After Johnson & Johnson’s historic loss in the nation’s first opioid trial, there can be no doubt that Big Pharma faces overwhelming exposure from the opioid litigation. The findings by the court in the Oklahoma case have expanded public scrutiny to other responsible companies that caused the epidemic and resulting crisis. The Purdue Pharma bankruptcy has added another feature to the opioid litigation, with its full effect not being known at this juncture.
The J&J loss in Oklahoma where the judge found that J&J and its Janssen Pharmaceuticals Inc. unit “engaged in false and misleading marketing” of prescription opioids, was extremely significant to the opioid litigation. J&J must pay $572 million to remedy the addiction epidemic in the state of Oklahoma. That was the first in what I believe will be many more defeats for the manufacturers, including J&J, and distributors that caused the crisis. Let’s take a look at some takeaways from the Oklahoma trial.
The First Takeaway
The first major takeaway from Judge Balkman’s 42-page ruling – where half of the decision consisted of factual findings that were exceedingly critical of J&J’s actions – noted J&J’s downplaying addiction risks of prescription opioids. J&J also stressed the concept of “pseudoaddiction” to persuade doctors that patients who appeared hooked on opioids should be given more opioids for under-treated pain. According to the decision, J&J targeted government agencies with messaging aimed at downplaying the dangers of narcotic painkillers and paid substantial amounts of money to pain advocacy groups that exerted influence over physicians’ prescribing practices. Judge Balkman concluded by explaining that “Defendants’ opioid marketing, in its multitude of forms, was false, deceptive and misleading.”
The Second Takeaway
Secondly, the ruling may shift attention beyond Purdue by describing the activities of lesser-known companies that J&J previously owned, including opium poppy grower Tasmanian Alkaloids and the narcotic-raw-material importer Noramco. The ruling cited evidence that described the companies’ combined franchise as the “#1 supplier of narcotic [active pharmaceutical ingredients] in the United States, the world’s largest market.”
The Third Takeaway
A third takeaway from the ruling is that it dealt with the application of the state’s public nuisance law. The statute generally prohibits any unlawful act that “annoys, injures or endangers the comfort, repose, health or safety of others.” Specifically, Judge Balkman ruled that the statute is not limited to property-related nuisances, and that there is sufficient evidence that J&J “pervasively, systematically and substantially used real and personal property” to create a nuisance. J&J argued that the statute has traditionally been applied to resolve property disputes, not lawsuits involving the sale of goods. J&J is appealing that decision.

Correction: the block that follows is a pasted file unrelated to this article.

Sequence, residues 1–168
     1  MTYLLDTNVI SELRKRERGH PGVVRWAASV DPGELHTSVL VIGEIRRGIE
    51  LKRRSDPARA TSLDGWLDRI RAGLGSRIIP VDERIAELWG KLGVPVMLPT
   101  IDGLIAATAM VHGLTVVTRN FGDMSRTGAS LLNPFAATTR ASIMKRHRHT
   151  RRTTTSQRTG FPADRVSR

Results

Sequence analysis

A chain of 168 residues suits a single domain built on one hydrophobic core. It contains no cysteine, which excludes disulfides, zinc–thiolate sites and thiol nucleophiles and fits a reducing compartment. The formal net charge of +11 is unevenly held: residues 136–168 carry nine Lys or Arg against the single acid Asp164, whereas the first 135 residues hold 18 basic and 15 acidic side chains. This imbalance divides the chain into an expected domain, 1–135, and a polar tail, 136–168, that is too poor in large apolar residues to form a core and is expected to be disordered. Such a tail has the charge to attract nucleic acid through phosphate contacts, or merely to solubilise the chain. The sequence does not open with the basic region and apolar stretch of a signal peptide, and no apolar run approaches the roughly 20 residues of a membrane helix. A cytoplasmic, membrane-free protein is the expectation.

The Fourth Takeaway
Finally, this ruling creates major implications for the opioid multidistrict litigation (MDL) as mounting evidence continues to grow against the opioid pharmaceutical industry.
It will be interesting to see how the first bellwether trial comes out. The full effect of the Perdue Pharmacy bankruptcy is also yet to be determined. The opioid saga is still unfolding and lawyers at Beasley Allen will continue to seek justice for the many victims we represent who have been adversely affected by this crisis.
The Opioid MDL’s first bellwether
The first bellwether trial from the opioid multidistrict litigation (MDL) will start on Oct. 21. Drug manufacturers and distributors have laid out their battle plans for the trial. It appears the Defendants will attempt to blame the epidemic on what they describe as “corrupt doctors,” “criminal cartels” and even the local government Plaintiffs themselves. The drug companies, in trial briefs, outlined a litany of legal defenses aimed at evading billions of dollars in “abatement costs” that the northern Ohio counties of Cuyahoga and Summit will seek during the trial.
Cuyahoga and Summit counties have voluntarily excluded several Defendants, including pharmacy chains that are being sued in their capacity as drug distributors. One exception, however, is Walgreens Co., which remains in the bellwether trial.
The cases are County of Cuyahoga v. Purdue Pharma LP et al., (case number 1:17-op-45004); County of Summit et al. v. Purdue Pharma LP et al., (case number 1:18-op-45090); and In re: National Prescription Opiate Litigation, (case number 1:17-md-02804), all in the U.S. District Court for the Northern District of Ohio.
The opioid litigation is changing daily and I am sure the public is having difficulty keeping up. Because of the enormity of the opioid litigation, and the obvious need that existed, our firm put together an “Opioid Litigation Team,” which includes these lawyers: Rhon Jones, Parker Miller, Roger Smith, Ryan Kral, Rick Stratton, Will Sutton and Jeff Price. This team of lawyers represents the State of Alabama, the State of Georgia, and numerous local governments, as well as representing other entities in the multidistrict litigation (MDL), and individual claims on behalf of victims.
This story appears in the October 2019 issue of The Jere Beasley Report. For more like this, visit the Report online and subscribe.